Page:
“What happened is something that hadn’t really crossed my mind or that of the director—is how relevant this documentary is,” she said. “It is so connected to right now and in a terrible way, because things have changed and they have not changed. That is what is so maddening.”
Like the book, “Just a Girl” traces Moreno’s idyllic early years growing up poor in the rural environs of Humacao, Puerto Rico, with her seamstress mother Rosa María and little brother Francisco. It was here that the future film star, known as Rosita, first found a love of performing for her maternal grandfather Justino.
“That’s really what started it—the fact that my abuelito used to play records and say, ‘Rosita, do something,’” Moreno said. “I’d start swishing my little booty around and dancing. He would applaud and laugh and I thought, ‘I like this a lot.’ I loved the attention it got me.”
When she was five, little Rosita wound up hopping on a ship with her mother and heading to New York City, leaving her brother behind. She’d never see him again. Arriving in 1936 in the dead of winter, mother and daughter endured not only seasonal contrast, but that of being the “other” in a world where Puerto Ricans were looked down on. Growing up in the Bronx, Washington Heights and a brief stint in the then-rural Long Island community of Valley Stream, she continued to experience exclusion, even after making her Broadway debut, at age 12, in a production called Skydrift. And while “Just a Girl” could have easily gone down the hagiographic path of “scrappy Latina fights and scrapes her way into a happy ending,” it is unsparing in reflecting the tremendous trauma, emotional pain and horrific episodes she endured that led to a suicide attempt and significant therapy. Pérez Riera used an animated paper doll as a major narrative device throughout the documentary to reflect the insecurity of Little Rosita in a way the older Rita Moreno carried through much of her adult life. It was a creative stroke Moreno adored.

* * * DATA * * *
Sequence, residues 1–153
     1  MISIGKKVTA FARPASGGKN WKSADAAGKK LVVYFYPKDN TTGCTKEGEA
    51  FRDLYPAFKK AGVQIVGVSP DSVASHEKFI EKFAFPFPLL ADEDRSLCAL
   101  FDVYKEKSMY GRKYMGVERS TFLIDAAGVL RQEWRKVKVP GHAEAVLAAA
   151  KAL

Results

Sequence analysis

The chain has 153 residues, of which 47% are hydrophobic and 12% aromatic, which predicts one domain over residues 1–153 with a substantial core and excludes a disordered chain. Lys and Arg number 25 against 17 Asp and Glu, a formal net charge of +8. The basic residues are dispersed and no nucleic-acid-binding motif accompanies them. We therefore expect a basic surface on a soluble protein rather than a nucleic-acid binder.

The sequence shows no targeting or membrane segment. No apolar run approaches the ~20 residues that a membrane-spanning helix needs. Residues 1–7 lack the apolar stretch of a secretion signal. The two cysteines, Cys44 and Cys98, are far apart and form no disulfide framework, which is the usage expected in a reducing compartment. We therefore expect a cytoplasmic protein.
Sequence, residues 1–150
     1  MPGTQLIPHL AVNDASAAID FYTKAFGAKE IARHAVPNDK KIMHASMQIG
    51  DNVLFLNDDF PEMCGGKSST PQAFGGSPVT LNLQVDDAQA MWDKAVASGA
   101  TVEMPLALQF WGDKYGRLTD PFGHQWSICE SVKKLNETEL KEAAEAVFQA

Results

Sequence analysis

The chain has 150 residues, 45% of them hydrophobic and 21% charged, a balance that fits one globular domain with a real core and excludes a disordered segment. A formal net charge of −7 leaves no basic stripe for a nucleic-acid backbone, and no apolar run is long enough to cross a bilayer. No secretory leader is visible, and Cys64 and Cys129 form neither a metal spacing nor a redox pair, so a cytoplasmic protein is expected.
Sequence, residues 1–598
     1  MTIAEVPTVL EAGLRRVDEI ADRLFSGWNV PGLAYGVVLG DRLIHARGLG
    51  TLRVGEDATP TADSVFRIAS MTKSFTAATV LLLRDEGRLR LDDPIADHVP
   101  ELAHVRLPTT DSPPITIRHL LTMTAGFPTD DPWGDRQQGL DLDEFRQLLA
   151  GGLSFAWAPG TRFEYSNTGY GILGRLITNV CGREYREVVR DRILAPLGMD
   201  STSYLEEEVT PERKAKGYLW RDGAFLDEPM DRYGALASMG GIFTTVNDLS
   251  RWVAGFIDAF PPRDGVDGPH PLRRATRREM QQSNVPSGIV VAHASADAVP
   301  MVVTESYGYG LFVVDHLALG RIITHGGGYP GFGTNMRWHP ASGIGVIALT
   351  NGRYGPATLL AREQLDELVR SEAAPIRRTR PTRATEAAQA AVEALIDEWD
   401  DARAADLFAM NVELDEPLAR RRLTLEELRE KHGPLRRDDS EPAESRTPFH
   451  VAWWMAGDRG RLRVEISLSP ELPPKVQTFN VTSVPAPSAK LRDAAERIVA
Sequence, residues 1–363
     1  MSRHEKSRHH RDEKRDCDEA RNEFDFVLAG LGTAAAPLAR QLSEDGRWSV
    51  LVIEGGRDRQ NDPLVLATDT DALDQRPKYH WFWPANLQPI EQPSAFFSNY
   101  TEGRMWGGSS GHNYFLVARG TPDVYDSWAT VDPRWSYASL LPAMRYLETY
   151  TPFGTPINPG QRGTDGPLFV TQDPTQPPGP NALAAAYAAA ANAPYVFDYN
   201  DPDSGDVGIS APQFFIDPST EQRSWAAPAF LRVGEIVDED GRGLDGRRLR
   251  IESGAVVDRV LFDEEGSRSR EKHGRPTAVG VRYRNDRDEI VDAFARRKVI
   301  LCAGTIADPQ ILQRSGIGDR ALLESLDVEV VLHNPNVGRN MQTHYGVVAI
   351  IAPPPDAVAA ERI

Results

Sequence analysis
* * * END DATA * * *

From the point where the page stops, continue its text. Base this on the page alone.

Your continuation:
“This beautiful concept of the paper doll being little Rosita—that is so winning,” Moreno said. “I just love what she did with it by politicizing it in a very interesting and good way. She brought in academic women to talk about and clarify the kind of life I was living because of the times. That was brilliant, and I think that’s what makes the documentary really important and relevant. In the final analysis, it’s not about me or the celebrities that are in it so much as it is what the academic women say about those times. That, alone, made it into a completely different and original kind of biographical documentary.”
The move to Hollywood with her mother exposed Moreno to many more indignities. Sexual objectification was a constant. Among the most searing anecdotes is one about Columbia Studios head Harry Cohn, described by Moreno as “a distinctly vulgar and crude man,” being introduced to her at a cocktail party and after giving her the once-over saying, “You know, I’d like to fuck you.” The shock and revulsion on Moreno’s face was immediate, nearly seven decades later, as she said it was probably the third time in her life she had heard that word used. “And what did I do?” she said. “I giggled like an idiot and just backed away.”
That particular story concluded with Moreno’s host asking her to dance, where he proceeded to press up against her “very very hard … and he started to not just press against me, but grind, and he actually said, ‘You’re a sexy little bitch, aren’t you?’” And that’s only at the documentary’s 20-minute mark, where Moreno is also filmed watching the broadcast of Christine Blasey Ford testifying about Brett Cavanaugh’s alleged high school sexual misconduct during his Supreme Court confirmation hearing. Moreno admits that the combination of the times and her cultural upbringing dictated how she navigated this kind of horrific misogynistic behavior.